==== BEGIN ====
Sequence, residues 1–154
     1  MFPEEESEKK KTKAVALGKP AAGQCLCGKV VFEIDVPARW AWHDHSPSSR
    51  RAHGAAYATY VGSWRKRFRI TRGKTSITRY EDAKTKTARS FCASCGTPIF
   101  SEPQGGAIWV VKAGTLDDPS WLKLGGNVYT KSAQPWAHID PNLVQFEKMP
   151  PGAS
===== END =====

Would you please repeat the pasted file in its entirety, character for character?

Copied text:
Sequence, residues 1–154
     1  MFPEEESEKK KTKAVALGKP AAGQCLCGKV VFEIDVPARW AWHDHSPSSR
    51  RAHGAAYATY VGSWRKRFRI TRGKTSITRY EDAKTKTARS FCASCGTPIF
   101  SEPQGGAIWV VKAGTLDDPS WLKLGGNVYT KSAQPWAHID PNLVQFEKMP
   151  PGAS